Biodiversity hotspot

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A biodiversity hotspot is a biogeographic region with significant levels of biodiversity that is threatened with humans. [1] [2]

Biogeography The study of the distribution of species and ecosystems in geographic space and through geological time

Biogeography is the study of the distribution of species and ecosystems in geographic space and through geological time. Organisms and biological communities often vary in a regular fashion along geographic gradients of latitude, elevation, isolation and habitat area. Phytogeography is the branch of biogeography that studies the distribution of plants. Zoogeography is the branch that studies distribution of animals.

Biodiversity Variety and variabiity of life forms

Biodiversity refers to the variety and variability of life on Earth. Biodiversity typically measures variation at the genetic, species, and ecosystem level. Terrestrial biodiversity is usually greater near the equator, which is the result of the warm climate and high primary productivity. Biodiversity is not distributed evenly on Earth, and is richest in the tropics. These tropical forest ecosystems cover less than 10 percent of earth's surface, and contain about 90 percent of the world's species. Marine biodiversity is usually highest along coasts in the Western Pacific, where sea surface temperature is highest, and in the mid-latitudinal band in all oceans. There are latitudinal gradients in species diversity. Biodiversity generally tends to cluster in hotspots, and has been increasing through time, but will be likely to slow in the future.

Contents

Norman Myers wrote about the concept in two articles in “The Environmentalist” (1988), [3] and 1990 [4] revised after thorough analysis by Myers and others “Hotspots: Earth’s Biologically Richest and Most Endangered Terrestrial Ecoregions” [5] and a paper published in the journal Nature. [6]

Norman Myers is a British environmentalist specialising in biodiversity and also noted for his work on environmental refugees.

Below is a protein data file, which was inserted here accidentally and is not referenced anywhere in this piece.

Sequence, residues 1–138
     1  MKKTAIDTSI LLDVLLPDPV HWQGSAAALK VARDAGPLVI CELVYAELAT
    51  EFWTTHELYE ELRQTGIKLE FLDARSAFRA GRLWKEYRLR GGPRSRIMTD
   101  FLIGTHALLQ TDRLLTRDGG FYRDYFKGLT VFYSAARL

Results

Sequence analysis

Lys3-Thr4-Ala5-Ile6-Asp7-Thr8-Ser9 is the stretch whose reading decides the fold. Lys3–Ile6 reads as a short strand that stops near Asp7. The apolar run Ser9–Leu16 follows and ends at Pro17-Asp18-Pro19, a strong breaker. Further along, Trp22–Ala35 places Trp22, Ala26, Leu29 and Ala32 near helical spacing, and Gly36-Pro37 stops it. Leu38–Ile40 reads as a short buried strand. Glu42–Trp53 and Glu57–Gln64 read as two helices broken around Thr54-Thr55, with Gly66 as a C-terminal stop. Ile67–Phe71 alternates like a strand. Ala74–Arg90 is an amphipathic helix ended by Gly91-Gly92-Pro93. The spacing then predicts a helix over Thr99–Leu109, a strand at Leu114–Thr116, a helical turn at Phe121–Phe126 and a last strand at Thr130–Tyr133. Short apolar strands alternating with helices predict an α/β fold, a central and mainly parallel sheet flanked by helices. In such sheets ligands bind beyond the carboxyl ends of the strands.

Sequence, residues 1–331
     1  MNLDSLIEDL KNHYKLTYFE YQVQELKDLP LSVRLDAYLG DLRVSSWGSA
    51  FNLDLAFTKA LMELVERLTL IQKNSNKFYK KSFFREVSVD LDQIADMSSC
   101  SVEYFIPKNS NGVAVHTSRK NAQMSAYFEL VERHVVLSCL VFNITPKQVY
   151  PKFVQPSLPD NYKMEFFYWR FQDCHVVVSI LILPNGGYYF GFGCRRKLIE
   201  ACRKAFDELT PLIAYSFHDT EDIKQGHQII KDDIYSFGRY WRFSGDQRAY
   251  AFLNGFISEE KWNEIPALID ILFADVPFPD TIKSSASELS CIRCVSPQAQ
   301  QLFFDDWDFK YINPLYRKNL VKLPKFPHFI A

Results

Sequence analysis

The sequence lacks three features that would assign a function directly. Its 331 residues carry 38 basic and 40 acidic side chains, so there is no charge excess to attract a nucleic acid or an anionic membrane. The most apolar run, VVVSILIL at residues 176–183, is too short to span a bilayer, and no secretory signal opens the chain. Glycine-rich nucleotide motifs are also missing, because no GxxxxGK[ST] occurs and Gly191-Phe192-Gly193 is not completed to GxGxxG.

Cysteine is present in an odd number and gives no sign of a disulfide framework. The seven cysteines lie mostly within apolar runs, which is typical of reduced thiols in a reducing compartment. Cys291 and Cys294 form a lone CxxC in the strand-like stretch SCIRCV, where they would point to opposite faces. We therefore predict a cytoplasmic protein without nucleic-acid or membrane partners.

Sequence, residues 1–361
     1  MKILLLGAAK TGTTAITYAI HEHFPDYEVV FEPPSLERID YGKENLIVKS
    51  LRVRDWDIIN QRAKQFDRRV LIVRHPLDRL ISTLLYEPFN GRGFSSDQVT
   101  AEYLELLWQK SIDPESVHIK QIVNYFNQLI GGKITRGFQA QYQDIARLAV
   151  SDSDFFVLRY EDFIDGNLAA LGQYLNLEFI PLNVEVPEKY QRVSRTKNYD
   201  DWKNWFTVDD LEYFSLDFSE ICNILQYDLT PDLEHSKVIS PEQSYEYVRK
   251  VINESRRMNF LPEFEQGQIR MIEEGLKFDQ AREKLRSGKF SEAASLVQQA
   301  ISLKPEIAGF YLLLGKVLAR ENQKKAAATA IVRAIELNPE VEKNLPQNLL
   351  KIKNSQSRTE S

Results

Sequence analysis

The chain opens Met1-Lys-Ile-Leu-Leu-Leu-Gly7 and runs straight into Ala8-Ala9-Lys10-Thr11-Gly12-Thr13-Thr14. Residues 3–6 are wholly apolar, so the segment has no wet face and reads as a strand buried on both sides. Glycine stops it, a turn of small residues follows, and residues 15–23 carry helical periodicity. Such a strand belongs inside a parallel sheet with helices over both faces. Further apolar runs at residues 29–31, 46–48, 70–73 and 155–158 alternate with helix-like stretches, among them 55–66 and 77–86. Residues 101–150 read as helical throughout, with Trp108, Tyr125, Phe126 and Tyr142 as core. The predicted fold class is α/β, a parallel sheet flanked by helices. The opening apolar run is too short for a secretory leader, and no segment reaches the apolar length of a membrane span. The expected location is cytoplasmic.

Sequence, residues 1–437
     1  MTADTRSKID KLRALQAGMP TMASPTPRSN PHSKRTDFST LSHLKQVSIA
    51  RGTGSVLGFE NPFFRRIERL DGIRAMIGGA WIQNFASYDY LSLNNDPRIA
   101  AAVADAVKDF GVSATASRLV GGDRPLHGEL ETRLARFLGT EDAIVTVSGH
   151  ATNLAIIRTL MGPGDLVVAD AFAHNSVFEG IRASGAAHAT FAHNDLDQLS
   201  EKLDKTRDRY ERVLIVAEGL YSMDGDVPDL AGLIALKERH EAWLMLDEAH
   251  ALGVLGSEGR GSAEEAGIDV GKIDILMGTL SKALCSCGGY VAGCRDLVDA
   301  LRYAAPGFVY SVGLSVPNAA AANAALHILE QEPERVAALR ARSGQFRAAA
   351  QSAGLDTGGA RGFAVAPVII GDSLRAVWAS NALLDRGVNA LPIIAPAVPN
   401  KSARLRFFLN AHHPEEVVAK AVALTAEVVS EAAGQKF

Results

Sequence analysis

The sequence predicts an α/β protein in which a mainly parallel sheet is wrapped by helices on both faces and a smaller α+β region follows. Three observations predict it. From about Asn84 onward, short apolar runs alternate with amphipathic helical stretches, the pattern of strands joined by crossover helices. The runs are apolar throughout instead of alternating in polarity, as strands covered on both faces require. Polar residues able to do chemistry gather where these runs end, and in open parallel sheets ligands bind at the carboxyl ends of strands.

To qualify as a biodiversity hotspot on Myers 2000 edition of the hotspot-map, a region must meet two strict criteria: it must contain at least 0.5% or 1,500 species of vascular plants as endemics, and it has to have lost at least 70% of its primary vegetation. [6] Around the world, 36 areas qualify under this definition. [7] These sites support nearly 60% of the world's plant, bird, mammal, reptile, and amphibian species, with a very high share of those species as endemics. Some of these hotspots support up to 15,000 endemic plant species and some have lost up to 95% of their natural habitat. [7]

Vascular plant subkingdom of plants

Vascular plants, also known as tracheophytes, form a large group of plants that are defined as those land plants that have lignified tissues for conducting water and minerals throughout the plant. They also have a specialized non-lignified tissue to conduct products of photosynthesis. Vascular plants include the clubmosses, horsetails, ferns, gymnosperms and angiosperms. Scientific names for the group include Tracheophyta, Tracheobionta and Equisetopsida sensu lato. The term higher plants should be avoided as a synonym for vascular plants as it is a remnant of the abandoned concept of the great chain of being.

Endemism ecological state of being unique to a defined geographic location or habitat

Endemism is the ecological state of a species being unique to a defined geographic location, such as an island, nation, country or other defined zone, or habitat type; organisms that are indigenous to a place are not endemic to it if they are also found elsewhere. The extreme opposite of endemism is cosmopolitan distribution. An alternative term for a species that is endemic is precinctive, which applies to species that are restricted to a defined geographical area.

In biology, a species ( ) is the basic unit of classification and a taxonomic rank of an organism, as well as a unit of biodiversity. A species is often defined as the largest group of organisms in which any two individuals of the appropriate sexes or mating types can produce fertile offspring, typically by sexual reproduction. Other ways of defining species include their karyotype, DNA sequence, morphology, behaviour or ecological niche. In addition, paleontologists use the concept of the chronospecies since fossil reproduction cannot be examined. While these definitions may seem adequate, when looked at more closely they represent problematic species concepts. For example, the boundaries between closely related species become unclear with hybridisation, in a species complex of hundreds of similar microspecies, and in a ring species. Also, among organisms that reproduce only asexually, the concept of a reproductive species breaks down, and each clone is potentially a microspecies.